Retirement? Or Engagement in Life
Doris was 69 when she retired from her job as a secretary. (In those years the term ‘administrative assistant professional’ had not yet been invented.) An extremely gregarious person, she was sad to leave her colleagues, who had become friends. But now was her chance to be free to do as she pleased. She loved not having to be up at the crack of dawn and taking three buses in order to get to work!
Doris deserved retirement. She had worked in office jobs since she was 14, when she had to quit school to help support herself, her siblings and parents. With newspapers filling her worn-down shoes, it was necessary for everyone to work. Even this young, Doris directed school plays and was part of a family band, playing the violin and ukulele and singing. On weekends, the family troupe toured Regina staging concerts for the far-flung prairie audiences. They even played in jails for adoring inmates. But since those long-forgotten times, she rarely displayed her musical talents, except for performing at her children’s birthday parties.
Her retirement was initially a dream come true. For the first couple of months, Doris would remark how fantastic she felt. However, after the third month of this newly found bliss, Doris didn’t feel well. She could hardly get out of bed in the morning; clearly, she was depressed. After a physical check-up, her doctor told Doris that she was perfectly fine and referred her to a psychiatrist. She called the psychiatrist, made an appointment and recounted her tale to him; In somewhat of a stern voice, the doctor said, “Madam, you don’t need psychiatry, you need activity!”
Taking the doctor’s advice, and at the urging of her family members, Doris joined a seniors’ organization; within a month she was practically running the entire office. However, she saw a need in the organization for something more, and she became determined to fill it.
Doris founded a Variety Show, and before long a large group of sedentary senior citizens were singing, dancing, acting and playing instruments. She even obtained a government grant and was given a bus for touring. Doris’ Musical Variety Show traveled around Ontario giving shows for other seniors’ organizations. The group loved their new involvement; it gave them purpose and meaning, knowing that they left their audiences with feelings of joy and hope. Doris was even featured in newspapers and interviewed on TV.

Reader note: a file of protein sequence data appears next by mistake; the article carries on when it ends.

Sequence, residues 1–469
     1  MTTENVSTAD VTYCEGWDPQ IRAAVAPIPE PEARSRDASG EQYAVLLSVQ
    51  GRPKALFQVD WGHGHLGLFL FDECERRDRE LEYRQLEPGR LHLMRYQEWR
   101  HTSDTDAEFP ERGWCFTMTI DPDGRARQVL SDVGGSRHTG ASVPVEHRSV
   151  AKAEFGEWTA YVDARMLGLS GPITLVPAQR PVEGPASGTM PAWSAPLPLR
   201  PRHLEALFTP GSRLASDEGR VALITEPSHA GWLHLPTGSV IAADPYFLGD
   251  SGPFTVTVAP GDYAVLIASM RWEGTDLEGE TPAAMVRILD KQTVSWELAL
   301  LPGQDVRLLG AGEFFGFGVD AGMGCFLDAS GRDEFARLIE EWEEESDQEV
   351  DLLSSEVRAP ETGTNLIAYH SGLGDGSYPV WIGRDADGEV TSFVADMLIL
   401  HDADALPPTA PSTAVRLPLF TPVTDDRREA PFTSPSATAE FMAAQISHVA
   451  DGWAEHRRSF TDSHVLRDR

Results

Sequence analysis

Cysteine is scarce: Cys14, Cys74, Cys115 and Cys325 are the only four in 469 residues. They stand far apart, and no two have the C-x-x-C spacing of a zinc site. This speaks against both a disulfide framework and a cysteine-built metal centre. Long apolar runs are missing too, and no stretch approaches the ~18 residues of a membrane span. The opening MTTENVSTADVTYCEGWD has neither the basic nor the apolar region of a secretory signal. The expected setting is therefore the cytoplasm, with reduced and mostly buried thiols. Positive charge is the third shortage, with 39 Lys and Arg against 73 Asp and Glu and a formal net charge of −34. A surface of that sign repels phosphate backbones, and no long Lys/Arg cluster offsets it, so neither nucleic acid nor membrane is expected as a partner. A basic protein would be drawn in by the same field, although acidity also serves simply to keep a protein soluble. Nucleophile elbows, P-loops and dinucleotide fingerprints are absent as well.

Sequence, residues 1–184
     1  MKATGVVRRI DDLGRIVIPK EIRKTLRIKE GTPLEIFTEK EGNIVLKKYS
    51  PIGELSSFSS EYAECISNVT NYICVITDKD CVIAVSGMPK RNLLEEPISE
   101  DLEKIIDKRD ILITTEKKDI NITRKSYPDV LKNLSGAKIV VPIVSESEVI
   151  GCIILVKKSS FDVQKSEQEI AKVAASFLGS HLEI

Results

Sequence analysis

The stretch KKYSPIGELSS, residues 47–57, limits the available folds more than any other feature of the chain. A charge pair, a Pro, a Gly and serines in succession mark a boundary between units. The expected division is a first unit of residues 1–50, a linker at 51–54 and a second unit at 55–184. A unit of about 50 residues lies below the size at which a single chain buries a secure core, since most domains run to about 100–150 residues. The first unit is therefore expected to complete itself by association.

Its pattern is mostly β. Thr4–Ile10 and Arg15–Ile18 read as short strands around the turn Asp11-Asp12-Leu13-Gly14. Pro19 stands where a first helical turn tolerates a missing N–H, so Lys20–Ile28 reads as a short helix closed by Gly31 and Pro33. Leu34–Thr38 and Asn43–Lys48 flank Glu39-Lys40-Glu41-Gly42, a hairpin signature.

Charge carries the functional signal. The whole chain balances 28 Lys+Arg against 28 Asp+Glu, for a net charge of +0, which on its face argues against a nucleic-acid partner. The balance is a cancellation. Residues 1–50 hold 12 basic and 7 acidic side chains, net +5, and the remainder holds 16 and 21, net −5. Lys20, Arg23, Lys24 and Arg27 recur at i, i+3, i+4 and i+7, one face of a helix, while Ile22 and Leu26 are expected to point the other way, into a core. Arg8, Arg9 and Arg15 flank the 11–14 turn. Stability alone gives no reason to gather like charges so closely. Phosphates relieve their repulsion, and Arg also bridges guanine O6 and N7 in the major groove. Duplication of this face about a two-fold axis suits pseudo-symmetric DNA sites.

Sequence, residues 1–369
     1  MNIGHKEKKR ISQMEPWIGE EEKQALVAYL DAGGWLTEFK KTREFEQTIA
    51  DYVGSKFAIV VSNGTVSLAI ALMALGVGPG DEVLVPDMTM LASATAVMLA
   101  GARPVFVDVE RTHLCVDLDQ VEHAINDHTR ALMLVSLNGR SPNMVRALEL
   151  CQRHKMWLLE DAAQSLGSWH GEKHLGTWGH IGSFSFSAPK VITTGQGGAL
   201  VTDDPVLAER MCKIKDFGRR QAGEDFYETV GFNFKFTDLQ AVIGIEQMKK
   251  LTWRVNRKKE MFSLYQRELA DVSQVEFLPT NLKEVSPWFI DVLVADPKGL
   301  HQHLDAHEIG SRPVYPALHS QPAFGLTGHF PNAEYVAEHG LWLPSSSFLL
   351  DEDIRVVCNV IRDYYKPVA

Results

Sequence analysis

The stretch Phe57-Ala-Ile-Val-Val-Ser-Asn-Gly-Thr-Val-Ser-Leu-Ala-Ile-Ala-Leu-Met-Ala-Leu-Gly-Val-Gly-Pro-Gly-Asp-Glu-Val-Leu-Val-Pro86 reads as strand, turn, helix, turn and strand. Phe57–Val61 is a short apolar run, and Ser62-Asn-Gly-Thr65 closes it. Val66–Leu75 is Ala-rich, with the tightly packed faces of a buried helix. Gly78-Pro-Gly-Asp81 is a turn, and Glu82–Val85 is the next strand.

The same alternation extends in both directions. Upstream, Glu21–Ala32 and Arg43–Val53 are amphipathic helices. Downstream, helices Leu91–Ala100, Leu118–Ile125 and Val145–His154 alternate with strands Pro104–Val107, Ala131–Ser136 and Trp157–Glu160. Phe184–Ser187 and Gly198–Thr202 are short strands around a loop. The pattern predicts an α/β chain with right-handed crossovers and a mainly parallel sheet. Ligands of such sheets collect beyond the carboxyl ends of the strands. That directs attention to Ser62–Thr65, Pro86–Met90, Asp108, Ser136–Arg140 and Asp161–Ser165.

At the age of 70, Doris was famous!
Retirement? We can’t retire from life. Human beings need to be engaged in life. Until the day we die, we’re learning and growing. Boredom is the worst form of stress; it’s insidious and creeps up on us – before we’re even aware of it, we start experiencing mental and physical health problems.
To be stress-free and enjoying life, humans need to be active and to be with other people. Research from the Harvard Nurses’ Study shows that those with friends, those who engage in social activities, interests, those who join community organizations are the ones who experience better health and wellness. They live happier and they live longer as well. Find something of interest to you: perhaps working with a charitable foundation or a special project to help others, or even part-time, paid work. Whatever it is, engage in life again.
I urge you to dream large. Make your retirement a time of activity and joyfulness, filled with meaning and purpose. That in itself would be a magnificent legacy to leave for the next generation.
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